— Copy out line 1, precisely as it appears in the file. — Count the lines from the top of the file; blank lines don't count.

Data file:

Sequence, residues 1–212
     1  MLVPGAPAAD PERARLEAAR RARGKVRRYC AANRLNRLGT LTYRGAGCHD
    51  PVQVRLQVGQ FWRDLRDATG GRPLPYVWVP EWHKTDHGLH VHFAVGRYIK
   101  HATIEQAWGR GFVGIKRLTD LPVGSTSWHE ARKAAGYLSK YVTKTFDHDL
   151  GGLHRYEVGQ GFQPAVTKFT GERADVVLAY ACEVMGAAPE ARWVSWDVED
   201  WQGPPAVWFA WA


Sequence, residues 1–212